Just like our organs, our anger is part of us. When we are angry, we cannot say, "Go away anger, you have to go away. I don't want you." When we have a stomachache, we don't say, "I don't want you stomach, go away." No, we take care of it. In the same way, we have to embrace and take good care of our anger.
This does not mean that we have hide our anger. We have to let the other person know that we are angry and that we suffer. We have to express what we feel. This is true love. "Honey, I am angry at you. I suffer." When you suffer, tell your beloved one about your suffering. Even if you think your anger was created by him or her, say it calmly.
We must do this as soon as possible. We should not keep our anger, our suffering to ourselves for more than 24 hours. Otherwise, it becomes too much. It can poison us. This would prove that our love, our trust for him or her is very weak. So we have to tell him or her about our suffering, our anger as soon as we can. Twenty-four hours is the deadline. (Thich Nhat Hanh, Anger: Wisdom for Cooling the Flames, 53-57)
Entitlements. According to the scriptures, we are entitled to the opportunity to serve others and we are entitled to share our anger in appropriate ways with those we love and there is one more entitlement I'd like to mention this morning. We are entitled to the chance to start over.
Here is some good news for the day. We are entitled to begin again. Would you want to reap every thing you sow? There is an old saying about the person who sows wild oats and then prays for a crop failure. We don't want to reap everything we sow. We sometimes do stupid things. We act impulsively. We leap before we look, talk before we think, give in to the worst that's in us rather than the best that's in us, blow it big time. At such times we would like to suspend the law of sowing and reaping. That's what grace is all about.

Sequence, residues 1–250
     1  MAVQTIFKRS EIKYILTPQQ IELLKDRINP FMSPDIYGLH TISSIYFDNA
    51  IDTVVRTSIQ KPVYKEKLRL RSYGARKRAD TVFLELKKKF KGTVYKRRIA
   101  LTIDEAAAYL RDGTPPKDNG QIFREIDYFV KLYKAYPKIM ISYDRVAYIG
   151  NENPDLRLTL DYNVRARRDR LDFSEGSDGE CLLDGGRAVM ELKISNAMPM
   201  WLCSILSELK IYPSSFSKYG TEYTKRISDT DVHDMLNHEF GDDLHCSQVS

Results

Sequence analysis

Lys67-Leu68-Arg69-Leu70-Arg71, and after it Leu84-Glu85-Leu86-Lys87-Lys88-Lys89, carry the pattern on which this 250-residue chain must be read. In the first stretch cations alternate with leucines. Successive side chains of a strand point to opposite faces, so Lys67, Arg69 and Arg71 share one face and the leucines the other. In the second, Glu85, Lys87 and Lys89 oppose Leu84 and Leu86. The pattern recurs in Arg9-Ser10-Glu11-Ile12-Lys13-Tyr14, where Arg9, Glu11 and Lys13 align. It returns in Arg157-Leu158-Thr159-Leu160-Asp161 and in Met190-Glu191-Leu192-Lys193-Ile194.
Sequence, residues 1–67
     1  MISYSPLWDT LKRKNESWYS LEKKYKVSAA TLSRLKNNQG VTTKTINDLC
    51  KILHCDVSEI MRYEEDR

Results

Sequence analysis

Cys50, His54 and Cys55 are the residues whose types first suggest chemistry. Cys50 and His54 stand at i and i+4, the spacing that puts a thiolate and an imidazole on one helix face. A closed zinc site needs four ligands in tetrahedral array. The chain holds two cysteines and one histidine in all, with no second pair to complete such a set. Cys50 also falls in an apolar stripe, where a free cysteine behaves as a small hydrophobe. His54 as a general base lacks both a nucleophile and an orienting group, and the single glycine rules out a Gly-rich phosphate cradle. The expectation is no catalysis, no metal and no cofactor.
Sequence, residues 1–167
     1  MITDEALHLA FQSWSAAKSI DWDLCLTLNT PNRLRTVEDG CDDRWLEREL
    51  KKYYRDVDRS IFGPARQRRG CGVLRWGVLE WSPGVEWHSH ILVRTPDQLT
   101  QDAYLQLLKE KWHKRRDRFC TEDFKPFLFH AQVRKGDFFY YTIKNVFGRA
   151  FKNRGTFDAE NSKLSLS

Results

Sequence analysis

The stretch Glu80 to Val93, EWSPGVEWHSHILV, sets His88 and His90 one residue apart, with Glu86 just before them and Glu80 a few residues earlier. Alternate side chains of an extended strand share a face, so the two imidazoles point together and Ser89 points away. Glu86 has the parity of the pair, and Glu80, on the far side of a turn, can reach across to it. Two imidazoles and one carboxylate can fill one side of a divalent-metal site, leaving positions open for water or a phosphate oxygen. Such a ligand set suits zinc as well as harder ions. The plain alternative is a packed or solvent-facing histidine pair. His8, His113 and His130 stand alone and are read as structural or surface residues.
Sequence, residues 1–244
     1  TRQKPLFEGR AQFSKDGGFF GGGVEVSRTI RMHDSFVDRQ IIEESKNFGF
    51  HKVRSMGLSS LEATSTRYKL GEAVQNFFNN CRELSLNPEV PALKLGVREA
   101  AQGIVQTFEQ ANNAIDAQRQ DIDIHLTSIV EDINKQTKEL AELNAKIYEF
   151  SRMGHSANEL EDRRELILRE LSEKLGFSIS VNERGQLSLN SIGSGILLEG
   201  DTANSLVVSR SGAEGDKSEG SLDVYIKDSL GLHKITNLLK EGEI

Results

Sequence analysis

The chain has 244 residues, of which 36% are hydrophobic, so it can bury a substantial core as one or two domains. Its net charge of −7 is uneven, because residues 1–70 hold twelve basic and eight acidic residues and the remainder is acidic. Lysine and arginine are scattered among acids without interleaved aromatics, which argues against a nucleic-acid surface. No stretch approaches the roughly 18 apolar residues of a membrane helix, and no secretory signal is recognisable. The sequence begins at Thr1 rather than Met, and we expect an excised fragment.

Even more damaging is the good seed we neglect to sow. We sometimes choose not to sow seeds of compassion, seeds of kindness, seeds of love, seeds that will live on after we are gone, seeds that may accompany us when we leave this world.
As we see in Jesus' parable, at any point in his life the rich man could have changed his priorities. At any point he could have taken his eyes off his money and let them fall on the man at his door. But he waited too late. Even in the afterlife he did not see Lazarus as a fellow child of God but only as a servant, a convenience, an object. This is insensitivity at its worst and it came out of a lifetime of spiritual neglect.
Everyone is entitled to a chance to start over, but it is possible to wait until it is too late. Life habits can grow so strong that they are like chains upon our soul.
And so the haunting cry of the prophet and the evangelist comes to us: "Repent now. Repent now before it is too late."
Is there someone to whom you are insensitive, someone you are neglecting? It need not be a beggar on the streets. It may be someone in your own family. A neighbor, a coworker, even a spouse. Everyone is entitled to a second chance, but it is possible to wait until it is too late.
So, there you have it. We are entitled to the opportunity to serve others and we are entitled to share our own with those we love and we are entitled to the chance to start over.
How would you like to start over today? Would you like to start over in your attitude toward to serving the poor? Would you like to start over in how you share your anger in a relationship? Look inside your soul this morning and see how the Spirit may be nudging you. There, you see it now, that is how you can better serve others. There, that is it. That is how you can deepen your relationship with those you love. Wherever the Spirit may be leading you to ponder at this moment. That is where you may need to start over today. You are entitled to that according to the scripture.
Dr. Jon Burnham preached this sermon at St. John's Presbyterian Church in Houston, Texas on September 26, 2010
26th Sunday in Ordinary Time (Green)